Four Rescued Chimpanzees in Desperate Need of Help!
Smugglers’ leader and several others arrested.
By Natasha Tworoski
Four young chimpanzees were just rescued from deplorable conditions at a roadside facility in Guinea. A collaboration between WARA Conservation Project, Interpol, agents of the Ministry of the Environment and the Chimpanzee Conservation Center (CCC) arranged the confiscation and rescue. There is only one wildlife sanctuary equipped to receive chimpanzees in Guinea, the CCC, one of PASA’s pioneering member sanctuaries.
Several people were arrested as a result of the confiscation, including the leader of the smuggling operation, Colonel Ibrahima Bangoura. Bangoura had been under investigation since 2013 on suspicion of illegal wildlife trafficking.
A total of 33 animals were rescued (12 species) and included turtles, ostriches, a crocodile and a baboon in addition to the four chimps. The animals were confiscated from two private locations which were being described as “zoos” but were actually midway points for the animals on their way to the international black market pet trade.
This major victory for conservation efforts in Guinea follows another series of major arrests in Guinea that occurred in March after a group was shut down that is believed to have trafficked wildlife for 30 years.
Fortunately, most of the animals in this collection were deemed fit enough to be returned to the wild immediately. The exception to this is the four chimpanzees, which include a teenage male, a 5 year old female and two 2-3 year olds.
CCC has committed to nourish and care for these four chimps with the hope of returning them to the wild after they are healthy and learn how to interact appropriately with other chimpanzees. These animals will go through a quarantine period until they are deemed healthy, then will be introduced to a community of chimpanzees living at the CCC. They need your help now!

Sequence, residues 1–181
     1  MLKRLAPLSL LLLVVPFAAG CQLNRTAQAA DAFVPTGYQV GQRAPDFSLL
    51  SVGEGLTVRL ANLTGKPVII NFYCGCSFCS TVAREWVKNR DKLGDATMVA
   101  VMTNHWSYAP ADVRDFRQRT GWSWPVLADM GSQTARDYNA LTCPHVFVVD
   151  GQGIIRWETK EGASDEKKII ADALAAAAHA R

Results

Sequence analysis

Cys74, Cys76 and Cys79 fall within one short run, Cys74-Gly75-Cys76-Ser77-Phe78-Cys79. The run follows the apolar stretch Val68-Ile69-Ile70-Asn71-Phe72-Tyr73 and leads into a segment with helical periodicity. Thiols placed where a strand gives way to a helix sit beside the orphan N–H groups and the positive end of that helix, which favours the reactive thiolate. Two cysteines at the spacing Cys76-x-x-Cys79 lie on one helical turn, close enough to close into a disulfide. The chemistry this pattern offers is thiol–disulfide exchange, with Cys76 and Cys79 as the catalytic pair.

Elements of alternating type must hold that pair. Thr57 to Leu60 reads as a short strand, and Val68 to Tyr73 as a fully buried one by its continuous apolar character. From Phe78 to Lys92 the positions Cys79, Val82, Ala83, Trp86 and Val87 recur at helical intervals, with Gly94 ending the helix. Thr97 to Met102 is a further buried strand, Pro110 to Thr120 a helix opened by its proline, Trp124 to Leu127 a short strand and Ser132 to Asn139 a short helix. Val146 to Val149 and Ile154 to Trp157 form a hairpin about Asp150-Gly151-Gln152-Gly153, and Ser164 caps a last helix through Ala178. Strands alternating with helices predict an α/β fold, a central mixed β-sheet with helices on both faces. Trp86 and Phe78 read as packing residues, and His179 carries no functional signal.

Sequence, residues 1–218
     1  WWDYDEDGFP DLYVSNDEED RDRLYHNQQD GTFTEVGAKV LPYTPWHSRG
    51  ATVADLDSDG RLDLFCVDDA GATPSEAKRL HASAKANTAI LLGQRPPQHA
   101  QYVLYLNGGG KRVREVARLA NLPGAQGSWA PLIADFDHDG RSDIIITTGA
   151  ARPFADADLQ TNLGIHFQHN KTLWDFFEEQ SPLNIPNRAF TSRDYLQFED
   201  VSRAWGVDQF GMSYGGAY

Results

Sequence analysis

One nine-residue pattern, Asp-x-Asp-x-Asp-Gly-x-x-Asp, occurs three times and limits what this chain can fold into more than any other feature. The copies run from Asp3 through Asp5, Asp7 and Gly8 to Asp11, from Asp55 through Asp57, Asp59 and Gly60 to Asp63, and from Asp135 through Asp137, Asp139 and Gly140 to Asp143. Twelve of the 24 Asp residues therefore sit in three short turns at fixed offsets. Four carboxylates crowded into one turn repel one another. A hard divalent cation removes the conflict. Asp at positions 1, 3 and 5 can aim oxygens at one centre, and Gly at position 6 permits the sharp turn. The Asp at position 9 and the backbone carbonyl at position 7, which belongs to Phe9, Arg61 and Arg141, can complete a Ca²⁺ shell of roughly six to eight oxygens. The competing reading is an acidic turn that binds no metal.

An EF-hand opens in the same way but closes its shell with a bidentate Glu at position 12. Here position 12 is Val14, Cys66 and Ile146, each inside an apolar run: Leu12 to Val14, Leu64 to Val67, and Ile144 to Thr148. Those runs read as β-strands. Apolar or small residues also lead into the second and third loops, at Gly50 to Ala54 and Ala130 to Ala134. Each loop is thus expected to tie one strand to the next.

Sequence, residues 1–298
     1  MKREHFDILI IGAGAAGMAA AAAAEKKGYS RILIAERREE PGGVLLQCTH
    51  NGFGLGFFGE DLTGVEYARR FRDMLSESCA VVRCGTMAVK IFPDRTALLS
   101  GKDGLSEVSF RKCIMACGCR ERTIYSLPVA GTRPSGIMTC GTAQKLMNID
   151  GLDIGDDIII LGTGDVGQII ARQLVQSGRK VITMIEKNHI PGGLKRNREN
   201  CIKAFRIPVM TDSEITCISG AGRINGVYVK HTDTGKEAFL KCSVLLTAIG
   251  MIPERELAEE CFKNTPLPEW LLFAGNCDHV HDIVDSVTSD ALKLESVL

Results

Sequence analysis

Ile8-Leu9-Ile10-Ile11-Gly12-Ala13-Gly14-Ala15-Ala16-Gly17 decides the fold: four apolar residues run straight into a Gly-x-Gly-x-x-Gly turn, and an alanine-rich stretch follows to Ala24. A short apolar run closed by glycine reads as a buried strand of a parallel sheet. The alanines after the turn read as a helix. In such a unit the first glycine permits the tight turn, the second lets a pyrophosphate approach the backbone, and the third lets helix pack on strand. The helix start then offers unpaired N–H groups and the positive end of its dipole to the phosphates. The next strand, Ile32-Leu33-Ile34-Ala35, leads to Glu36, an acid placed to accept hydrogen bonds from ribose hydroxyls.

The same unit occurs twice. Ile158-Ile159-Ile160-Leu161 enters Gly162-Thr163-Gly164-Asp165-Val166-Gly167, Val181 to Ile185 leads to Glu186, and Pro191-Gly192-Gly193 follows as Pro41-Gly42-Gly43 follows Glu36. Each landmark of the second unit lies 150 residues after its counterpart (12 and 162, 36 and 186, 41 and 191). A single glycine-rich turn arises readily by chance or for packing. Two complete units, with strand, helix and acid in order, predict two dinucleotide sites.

As big of a challenge as it is to rescue chimpanzees from these horrifying situations, it takes even more time, energy and money to rehabilitate them. New chimpanzees to a sanctuary often require 24/7 care initially, frequently suffering from skin and respiratory disease, malnutrition and psychological disorders. After this, the introduction process must be taken slowly to avoid injuries occurring to the new chimps as they are slowly integrated into their new family. A crowdfunding page has been established to raise the necessary funds for this PASA sanctuary that needs our help more than ever! They are in need of 8,000 euros, approximately $8,700 USD, in order to provide the care these four chimpanzees need to have a chance.
The CCC returned their first community of chimpanzees to the wild on June 27, 2008 into the Haut Niger National Park of Guinea. It’s wonderful to give these abused chimps a second chance to be wild, and furthermore it’s a huge achievement for chimpanzees as a species. With the ever-increasing pressure from bushmeat and poaching for the illegal pet trade, chimpanzees are critically endangered and the threat of extinction is ever present. Chimpanzees have already gone extinct in Gambia, Burkina Faso, Benin and Togo. Returning animals to protected areas of their remaining habitat is an important component of protecting then from extinction.
This is the second installment of our blog series celebrating the many lives that have been transformed through the life-saving care provided by PASA members.
September 24 marks World Gorilla Day! This day is an opportunity to celebrate gorillas and take action to protect these remarkable African great apes …
At the end of 2019, primate lovers rejoiced at the results of the mountain gorilla census that spanned their native range of Uganda, Rwanda and the Democratic Republic of Congo…
As PASA celebrates 20 years of saving Africa’s primates, let’s look back on some of the most memorable characters we’ve met – the apes and monkeys who make the work so special.
PASA members have collaborated with scientists around the world to investigate questions about primates that are difficult to answer in the wild.
We stand unequivocally on the side of wildlife conservation.
Get a glimpse of how PASA members use enrichment to improve the quality of life for the primates in their care.
A second career in anthropology made all the difference for PASA.
Sitting alone, I look longingly out the window as I the first sunny days of Spring slip by while I’m stuck indoors. In Oregon we have been ordered to stay home to decrease the spread of COVID-19. Already, I find myself wondering when life will return to some semblancy of normal…
Ape Action Africa successfully releases an adult lowland gorilla back to the wild.